RODRIGUEZ: Man or Myth?

Updated: Mar 30, 2021


SOME STORIES are never believable, seeming closer to a myth than actual fact. The legend of Sitxo Rodriguez is one of those crazy stories that sounds more and more fake each time I hear it. At home, he was just some guy on the streets of Detroit; even many of his friends and coworkers didn’t know he was a musician. But abroad, he was a cultural and, depending on who you ask, a political icon. Makes no sense to me and I know it made no sense to him either.


In the early 70s, Rodriguez dropped two very strong albums - Cold Fact and Coming to Reality - that led people in the industry to compare him to artists like Bob Dylan. The public though? Had absolutely no clue who the dude was. The guy’s sales were nonexistent so after only a few years recording and a couple short tours in Australia, enough was enough. He left as quietly as he came, which he was apparently cool with, and planned on that being that. Except it wasn’t.

In the late 90s, over 25 years after the release of his two albums, two concerningly huge fans from Cape Town followed the trail of his rumored death and eventually tracked down a very much alive Rodriguez. Searching for Sugarman, named after his biggest hit and a film I highly recommend, followed and has since won a number of awards, including the 85th Academy Award for Best Documentary. See in South Africa, Rodriguez wasn’t some guy and he wasn’t just some musician, he was up there with The Beatles. Every teen in the country knew his name and his songs but, like at home, was oblivious to the man behind the music. He was the invisible star - someone everyone knew of but knew nothing about. All people had to go on were his words and a picture of a guy wearing some funky pants and a big ass hat (see left).


I said earlier that for some, Rodriguez was a political icon. In a number of his songs, Rodriguez dives into anti-government themes which resonated very strongly with South Africans in the 70s, some of his songs becoming anti-Aparthaid anthems as a result. Since he was one of the first artists taking about the matter in the country, Rodriguez became an inspiration for many white anti-Apartheid movements and had a very strong influence on many politically charged South African bands of the time. His music reached all corners of the movement with even leading activist Steve Biko being a fan. Without knowing, Rodriguez helped to change an entire society.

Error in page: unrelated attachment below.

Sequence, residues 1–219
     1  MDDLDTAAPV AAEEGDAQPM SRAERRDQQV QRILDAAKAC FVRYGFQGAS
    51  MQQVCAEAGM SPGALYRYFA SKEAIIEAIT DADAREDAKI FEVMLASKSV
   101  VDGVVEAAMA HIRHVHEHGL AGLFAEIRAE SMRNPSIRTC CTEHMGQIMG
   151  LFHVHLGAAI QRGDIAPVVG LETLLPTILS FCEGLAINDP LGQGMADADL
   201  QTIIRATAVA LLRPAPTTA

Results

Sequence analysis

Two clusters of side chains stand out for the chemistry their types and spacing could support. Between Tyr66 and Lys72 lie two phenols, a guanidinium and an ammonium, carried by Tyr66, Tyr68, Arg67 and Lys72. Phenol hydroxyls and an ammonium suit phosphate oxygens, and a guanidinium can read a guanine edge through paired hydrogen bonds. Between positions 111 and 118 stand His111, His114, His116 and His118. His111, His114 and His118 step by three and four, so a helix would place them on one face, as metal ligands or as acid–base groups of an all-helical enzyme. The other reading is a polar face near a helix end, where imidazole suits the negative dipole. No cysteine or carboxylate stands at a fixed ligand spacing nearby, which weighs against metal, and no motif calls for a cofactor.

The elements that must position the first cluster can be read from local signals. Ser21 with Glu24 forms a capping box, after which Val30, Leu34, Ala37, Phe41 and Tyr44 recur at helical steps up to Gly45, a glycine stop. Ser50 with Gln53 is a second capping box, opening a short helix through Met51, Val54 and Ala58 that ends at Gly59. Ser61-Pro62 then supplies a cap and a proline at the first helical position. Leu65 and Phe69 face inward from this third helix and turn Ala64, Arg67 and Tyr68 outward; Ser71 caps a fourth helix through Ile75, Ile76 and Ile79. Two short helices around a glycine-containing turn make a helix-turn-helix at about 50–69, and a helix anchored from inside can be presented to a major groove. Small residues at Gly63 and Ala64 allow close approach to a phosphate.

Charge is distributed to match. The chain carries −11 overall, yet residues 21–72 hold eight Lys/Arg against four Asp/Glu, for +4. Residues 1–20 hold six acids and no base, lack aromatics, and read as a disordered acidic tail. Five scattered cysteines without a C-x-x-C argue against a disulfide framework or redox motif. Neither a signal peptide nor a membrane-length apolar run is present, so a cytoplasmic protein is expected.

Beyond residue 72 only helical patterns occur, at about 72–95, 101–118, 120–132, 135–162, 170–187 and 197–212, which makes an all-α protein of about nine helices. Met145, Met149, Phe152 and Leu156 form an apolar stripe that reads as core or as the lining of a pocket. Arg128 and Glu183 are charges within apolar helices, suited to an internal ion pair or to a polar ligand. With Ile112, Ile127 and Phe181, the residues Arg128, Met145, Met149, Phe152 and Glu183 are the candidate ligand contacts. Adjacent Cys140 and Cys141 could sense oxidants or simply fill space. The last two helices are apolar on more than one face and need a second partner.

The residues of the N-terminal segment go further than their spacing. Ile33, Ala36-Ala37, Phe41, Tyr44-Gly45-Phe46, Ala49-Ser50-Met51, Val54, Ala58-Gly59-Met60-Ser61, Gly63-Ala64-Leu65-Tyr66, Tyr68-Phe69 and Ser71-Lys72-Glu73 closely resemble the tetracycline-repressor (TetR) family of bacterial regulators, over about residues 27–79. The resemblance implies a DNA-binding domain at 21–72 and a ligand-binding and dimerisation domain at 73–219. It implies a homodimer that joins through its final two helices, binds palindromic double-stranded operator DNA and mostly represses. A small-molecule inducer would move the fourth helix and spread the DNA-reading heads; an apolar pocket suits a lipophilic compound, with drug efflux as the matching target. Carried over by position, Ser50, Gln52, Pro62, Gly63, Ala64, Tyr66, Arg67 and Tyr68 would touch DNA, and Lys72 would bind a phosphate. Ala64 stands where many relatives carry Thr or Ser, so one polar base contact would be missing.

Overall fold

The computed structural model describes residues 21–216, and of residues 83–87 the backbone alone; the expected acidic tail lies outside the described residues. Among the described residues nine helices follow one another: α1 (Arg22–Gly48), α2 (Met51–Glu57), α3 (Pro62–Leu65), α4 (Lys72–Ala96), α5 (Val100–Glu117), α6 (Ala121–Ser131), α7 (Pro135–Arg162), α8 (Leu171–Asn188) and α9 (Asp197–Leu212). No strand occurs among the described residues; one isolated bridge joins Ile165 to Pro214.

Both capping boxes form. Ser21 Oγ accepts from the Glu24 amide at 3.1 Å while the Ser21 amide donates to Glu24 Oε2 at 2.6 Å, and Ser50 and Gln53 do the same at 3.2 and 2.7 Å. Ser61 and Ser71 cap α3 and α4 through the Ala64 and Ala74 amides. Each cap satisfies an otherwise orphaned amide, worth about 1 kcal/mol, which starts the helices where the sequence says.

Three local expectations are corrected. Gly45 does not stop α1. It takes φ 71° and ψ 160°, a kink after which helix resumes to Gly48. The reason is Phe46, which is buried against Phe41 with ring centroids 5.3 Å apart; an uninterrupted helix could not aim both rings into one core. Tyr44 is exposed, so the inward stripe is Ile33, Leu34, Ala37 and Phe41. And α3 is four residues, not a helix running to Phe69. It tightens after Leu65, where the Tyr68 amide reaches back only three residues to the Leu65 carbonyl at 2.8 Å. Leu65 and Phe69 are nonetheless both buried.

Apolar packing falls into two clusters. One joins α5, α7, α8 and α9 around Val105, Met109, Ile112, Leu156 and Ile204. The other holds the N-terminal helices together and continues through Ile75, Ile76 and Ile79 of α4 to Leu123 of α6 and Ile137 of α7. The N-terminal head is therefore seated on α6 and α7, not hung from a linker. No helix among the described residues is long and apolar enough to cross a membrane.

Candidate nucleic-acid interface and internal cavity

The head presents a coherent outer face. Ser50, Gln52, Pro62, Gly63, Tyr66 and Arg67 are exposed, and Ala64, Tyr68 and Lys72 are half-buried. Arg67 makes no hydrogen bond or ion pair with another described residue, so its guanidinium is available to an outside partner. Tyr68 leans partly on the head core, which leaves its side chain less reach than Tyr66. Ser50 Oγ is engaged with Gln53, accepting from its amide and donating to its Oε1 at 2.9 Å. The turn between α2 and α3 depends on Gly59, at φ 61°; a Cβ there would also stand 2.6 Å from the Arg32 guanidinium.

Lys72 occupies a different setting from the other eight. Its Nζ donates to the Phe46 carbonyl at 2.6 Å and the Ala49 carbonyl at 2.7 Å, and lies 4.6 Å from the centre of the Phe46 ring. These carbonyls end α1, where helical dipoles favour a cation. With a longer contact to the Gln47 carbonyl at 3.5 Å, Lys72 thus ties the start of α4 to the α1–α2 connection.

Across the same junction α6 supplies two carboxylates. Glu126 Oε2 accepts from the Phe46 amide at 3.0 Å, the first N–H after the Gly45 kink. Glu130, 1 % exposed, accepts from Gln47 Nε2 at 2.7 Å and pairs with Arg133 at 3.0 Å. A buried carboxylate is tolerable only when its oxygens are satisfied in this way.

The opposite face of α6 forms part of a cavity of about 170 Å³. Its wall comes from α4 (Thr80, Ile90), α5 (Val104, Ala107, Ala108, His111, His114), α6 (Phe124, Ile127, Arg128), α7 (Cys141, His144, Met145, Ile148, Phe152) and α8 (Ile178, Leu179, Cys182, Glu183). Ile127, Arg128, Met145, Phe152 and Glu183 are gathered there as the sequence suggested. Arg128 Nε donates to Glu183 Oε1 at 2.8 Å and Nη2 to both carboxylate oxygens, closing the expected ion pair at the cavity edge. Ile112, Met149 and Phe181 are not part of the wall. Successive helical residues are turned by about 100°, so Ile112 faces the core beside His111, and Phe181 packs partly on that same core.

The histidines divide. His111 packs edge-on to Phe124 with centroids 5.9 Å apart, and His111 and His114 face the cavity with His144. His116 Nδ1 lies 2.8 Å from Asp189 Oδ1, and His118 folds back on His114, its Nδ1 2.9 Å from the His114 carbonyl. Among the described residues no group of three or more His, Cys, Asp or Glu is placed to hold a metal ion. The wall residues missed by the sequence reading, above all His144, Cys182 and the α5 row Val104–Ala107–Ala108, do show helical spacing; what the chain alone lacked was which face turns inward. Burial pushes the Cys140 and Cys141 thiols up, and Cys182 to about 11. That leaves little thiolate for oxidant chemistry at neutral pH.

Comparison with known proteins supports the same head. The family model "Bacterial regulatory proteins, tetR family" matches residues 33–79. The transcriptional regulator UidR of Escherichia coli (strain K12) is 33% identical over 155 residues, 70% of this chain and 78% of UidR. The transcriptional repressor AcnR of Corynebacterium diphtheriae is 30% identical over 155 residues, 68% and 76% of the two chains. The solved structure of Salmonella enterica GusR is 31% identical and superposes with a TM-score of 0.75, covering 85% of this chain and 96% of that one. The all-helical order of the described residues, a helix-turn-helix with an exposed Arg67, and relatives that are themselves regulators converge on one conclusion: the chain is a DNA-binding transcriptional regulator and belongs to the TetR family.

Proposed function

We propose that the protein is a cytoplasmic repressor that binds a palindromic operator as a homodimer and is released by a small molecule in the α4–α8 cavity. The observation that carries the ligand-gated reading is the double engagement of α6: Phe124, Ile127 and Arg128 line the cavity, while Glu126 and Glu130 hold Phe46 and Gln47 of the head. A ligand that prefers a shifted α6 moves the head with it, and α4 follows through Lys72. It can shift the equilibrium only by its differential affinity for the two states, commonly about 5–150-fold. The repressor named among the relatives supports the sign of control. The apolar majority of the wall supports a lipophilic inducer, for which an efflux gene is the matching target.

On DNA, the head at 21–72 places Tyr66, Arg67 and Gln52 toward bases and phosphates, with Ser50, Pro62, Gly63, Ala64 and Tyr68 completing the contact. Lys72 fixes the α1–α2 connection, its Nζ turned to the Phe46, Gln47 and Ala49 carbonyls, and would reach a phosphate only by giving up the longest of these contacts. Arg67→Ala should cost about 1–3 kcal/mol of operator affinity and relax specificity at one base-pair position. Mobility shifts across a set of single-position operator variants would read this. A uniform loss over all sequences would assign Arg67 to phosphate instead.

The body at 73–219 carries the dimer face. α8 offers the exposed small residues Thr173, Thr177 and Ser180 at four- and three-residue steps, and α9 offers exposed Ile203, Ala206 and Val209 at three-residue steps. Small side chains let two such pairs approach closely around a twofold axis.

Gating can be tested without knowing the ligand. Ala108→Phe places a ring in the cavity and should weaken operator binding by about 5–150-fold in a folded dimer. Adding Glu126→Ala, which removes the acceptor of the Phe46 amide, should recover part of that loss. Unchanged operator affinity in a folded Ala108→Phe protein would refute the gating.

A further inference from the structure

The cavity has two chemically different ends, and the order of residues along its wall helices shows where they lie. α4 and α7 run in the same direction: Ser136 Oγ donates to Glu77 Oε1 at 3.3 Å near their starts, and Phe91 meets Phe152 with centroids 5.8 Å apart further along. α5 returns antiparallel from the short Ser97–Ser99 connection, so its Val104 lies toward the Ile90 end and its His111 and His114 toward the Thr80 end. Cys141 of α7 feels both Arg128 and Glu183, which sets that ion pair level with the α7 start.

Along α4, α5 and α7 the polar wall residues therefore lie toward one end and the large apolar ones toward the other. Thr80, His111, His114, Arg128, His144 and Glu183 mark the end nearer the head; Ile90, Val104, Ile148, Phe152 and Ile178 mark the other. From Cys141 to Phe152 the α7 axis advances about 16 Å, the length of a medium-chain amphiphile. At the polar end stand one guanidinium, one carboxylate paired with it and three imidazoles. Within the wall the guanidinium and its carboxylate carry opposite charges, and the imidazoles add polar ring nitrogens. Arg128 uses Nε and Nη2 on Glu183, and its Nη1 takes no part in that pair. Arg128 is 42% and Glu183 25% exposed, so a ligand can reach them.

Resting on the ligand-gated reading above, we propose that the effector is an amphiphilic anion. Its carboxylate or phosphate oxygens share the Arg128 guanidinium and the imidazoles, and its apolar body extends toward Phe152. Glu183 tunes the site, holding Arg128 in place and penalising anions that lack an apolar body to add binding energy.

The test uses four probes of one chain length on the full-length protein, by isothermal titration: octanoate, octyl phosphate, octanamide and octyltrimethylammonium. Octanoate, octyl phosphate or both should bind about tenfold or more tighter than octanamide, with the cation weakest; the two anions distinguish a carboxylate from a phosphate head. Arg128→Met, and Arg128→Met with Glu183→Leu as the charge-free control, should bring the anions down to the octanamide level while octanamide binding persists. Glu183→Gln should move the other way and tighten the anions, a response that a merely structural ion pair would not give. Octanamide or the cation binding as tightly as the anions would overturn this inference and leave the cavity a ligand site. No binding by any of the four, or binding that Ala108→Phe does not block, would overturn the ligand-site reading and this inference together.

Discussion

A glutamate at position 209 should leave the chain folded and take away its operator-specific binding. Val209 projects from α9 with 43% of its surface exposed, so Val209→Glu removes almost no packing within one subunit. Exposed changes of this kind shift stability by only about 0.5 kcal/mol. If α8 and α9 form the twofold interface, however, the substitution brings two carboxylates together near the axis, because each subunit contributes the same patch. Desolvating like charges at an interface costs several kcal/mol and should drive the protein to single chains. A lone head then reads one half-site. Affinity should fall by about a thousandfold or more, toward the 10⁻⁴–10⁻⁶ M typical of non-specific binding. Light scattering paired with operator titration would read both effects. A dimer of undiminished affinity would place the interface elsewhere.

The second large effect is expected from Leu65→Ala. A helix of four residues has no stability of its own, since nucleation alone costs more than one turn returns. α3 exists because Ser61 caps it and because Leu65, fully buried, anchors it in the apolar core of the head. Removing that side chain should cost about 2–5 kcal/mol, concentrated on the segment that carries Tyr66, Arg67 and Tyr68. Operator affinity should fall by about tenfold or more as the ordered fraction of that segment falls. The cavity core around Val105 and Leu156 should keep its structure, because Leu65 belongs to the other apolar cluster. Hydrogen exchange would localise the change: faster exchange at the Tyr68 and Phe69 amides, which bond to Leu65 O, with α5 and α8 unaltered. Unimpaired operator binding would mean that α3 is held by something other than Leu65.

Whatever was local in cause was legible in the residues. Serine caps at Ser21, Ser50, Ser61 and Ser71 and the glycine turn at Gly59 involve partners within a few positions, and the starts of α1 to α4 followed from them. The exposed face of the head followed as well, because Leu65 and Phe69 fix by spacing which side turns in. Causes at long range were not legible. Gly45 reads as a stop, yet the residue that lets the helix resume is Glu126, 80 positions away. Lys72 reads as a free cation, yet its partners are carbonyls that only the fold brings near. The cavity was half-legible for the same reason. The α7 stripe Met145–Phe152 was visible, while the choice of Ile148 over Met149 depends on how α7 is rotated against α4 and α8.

David Johnson for TIME

With all of his success abroad, it still makes no sense he went so unnoticed at home in America. Musically and lyrically, everything was there. The songs are extremely relatable; a working man talking about real issues in his life, his community, and his country. He’s got fun songs - like I Wonder - for lovers and he’s got heartbreak songs - see Cause - for the rock bottomers. But for whatever reason, he never hit.


For who enjoy breaking away for a little bit, his music is the perfect escape. I constantly find myself being lost in his soft guitar and soothing voice. There’s pain in both and yet so much comfort that somehow, everything will be alright. Some people have a knack for always knowing what to say at exactly the right time. Rodriguez is that guy. His songs never said too much or too little and I always walk away feeling better that I’ve experienced the journey he takes you on.


PERSONAL FAVORITES: Cause, Halfway Up the Stairs, Crucify Your Mind, Hate Street Dialogue, Rich Folks Hoax, Jane S. Piddy



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